Advertising changes how customers perceive certain ideas and concepts, shaping public philosophy and ethics so that the target products could sell successfully (Wiid & Diggines 2009). Consequently, the market research must be carried out in a manner as honest and transparent as possible so that its outcomes could reflect the actual situation (including the customers’ needs, the specifics of the local culture, the current social issues and dilemmas, etc.).

Furthermore, the challenge is aggravated by the results of biased studies based on prejudiced concepts and ideas. The outcomes of the identified researches are dire; although companies benefit financially to a considerable degree from applying the study results to their marketing strategies, the social constructs that are used in the process destroy the very fabric of social relationships by reinforcing negative stereotypes instead of subverting them (Wiid & Diggines 2009).

A good example may be seen when marketing research that has a one-dimensional view of ethnic or racial minorities may do a significant amount of harm if he is permitted to shape a particular marketing campaign based on his unfairly skewed data collection (Bradley 2013). For instance, the ubiquitous nature of the information gathering strategy used by the Westfield shopping mall creates leeway for carrying out deceptive practices, which require a counterstrategy for protecting the customers’ right to privacy.

The marketing manager should also be careful not to design surveys that a significant number of the customers decide not to bother to respond. A failure to respond to a survey increases the number of gaps in the collected information. Such non-respondents may search for reasons why individuals do not want to take part in the survey. They may arrive at conclusions such as the survey being too lengthy or that the incentive to take part in it was not appealing enough (Zikmund & Babin 2007).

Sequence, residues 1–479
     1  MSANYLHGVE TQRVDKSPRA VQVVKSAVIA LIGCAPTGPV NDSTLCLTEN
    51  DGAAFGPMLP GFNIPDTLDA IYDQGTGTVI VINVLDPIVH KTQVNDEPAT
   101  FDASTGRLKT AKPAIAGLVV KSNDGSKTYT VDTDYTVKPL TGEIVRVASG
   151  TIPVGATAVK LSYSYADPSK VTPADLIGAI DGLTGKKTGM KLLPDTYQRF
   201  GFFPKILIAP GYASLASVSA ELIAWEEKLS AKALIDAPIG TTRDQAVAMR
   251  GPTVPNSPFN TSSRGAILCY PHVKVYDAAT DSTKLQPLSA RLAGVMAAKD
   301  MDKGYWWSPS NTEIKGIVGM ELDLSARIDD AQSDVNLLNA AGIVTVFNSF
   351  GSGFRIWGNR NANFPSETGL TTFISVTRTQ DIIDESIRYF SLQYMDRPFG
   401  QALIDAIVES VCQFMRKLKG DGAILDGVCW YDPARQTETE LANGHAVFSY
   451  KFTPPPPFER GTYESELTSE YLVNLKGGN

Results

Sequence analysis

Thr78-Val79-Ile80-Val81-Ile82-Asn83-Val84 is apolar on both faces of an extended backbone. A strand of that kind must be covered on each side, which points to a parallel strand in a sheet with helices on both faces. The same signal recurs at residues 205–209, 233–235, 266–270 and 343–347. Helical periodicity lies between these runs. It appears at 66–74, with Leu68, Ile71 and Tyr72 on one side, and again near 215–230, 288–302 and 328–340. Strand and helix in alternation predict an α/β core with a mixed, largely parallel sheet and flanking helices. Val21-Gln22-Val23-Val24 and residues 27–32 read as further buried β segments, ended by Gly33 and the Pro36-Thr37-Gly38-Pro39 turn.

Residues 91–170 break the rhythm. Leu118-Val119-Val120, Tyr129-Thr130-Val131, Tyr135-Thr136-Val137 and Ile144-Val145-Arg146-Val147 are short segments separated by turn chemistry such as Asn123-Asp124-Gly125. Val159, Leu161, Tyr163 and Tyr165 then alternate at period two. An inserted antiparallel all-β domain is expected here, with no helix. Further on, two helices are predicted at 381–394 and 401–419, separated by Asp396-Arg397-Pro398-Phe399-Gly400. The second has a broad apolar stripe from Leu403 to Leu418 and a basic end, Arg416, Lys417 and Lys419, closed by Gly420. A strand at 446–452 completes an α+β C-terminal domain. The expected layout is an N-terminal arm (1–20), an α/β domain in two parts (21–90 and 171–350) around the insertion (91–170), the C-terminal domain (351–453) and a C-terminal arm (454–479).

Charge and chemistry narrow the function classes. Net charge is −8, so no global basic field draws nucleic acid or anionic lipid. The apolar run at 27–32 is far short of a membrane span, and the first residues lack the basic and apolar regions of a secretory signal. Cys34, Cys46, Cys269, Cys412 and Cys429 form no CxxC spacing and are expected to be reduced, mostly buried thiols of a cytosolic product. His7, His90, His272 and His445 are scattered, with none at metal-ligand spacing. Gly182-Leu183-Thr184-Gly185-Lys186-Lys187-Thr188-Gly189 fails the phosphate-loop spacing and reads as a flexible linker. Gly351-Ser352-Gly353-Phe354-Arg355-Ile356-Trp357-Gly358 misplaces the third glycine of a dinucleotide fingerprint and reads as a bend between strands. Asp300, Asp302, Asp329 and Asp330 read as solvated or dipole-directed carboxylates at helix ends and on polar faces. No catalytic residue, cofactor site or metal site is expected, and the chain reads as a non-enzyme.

Surveys may also include several sources of bias. The shopping center’s marketing manager may believe, for example, that they have come up with an online survey to appeal to respondents that are drawn from all sorts of ethnic backgrounds (Wiid & Diggines 2009).

However, the utilized images or even queries might be biased or favor a particular ethnic community or may offend several ethnic groups. The contents of the survey, as well as the format, should be acceptable to all the possible audience from which the shopping mall is seeking information (Zikmund & Babin 2007). Any forms of bias can be eliminated from the surveys being done by remaining neutral in the questioning.

Neutrality can be enforced by the marketing manager submitting the pre-written questions for a peer review. An opinion from a third party who has no interest in the outcome of the survey helps to remove subtle bias that may otherwise be unseen by the one conducting the survey. The survey should also avoid questions that come with a set of possible answers and instead opt for more questions that allow the respondent to give their opinion with no constraints.

A significant amount of research normally involves observation of customers in action while in the process noting their unique preferences. In the case of a mall, a significant number of the customers walking down the aisle are on the premises to window shop and compare prices before making up his mind on what to purchase and from which store (Zikmund & Babin 2007). In case such customers feel pressured or intruded upon by the staff members observing them, they will opt to shop at Chadstone shopping center in the process denying Westfield Shopping Centre much-needed revenue.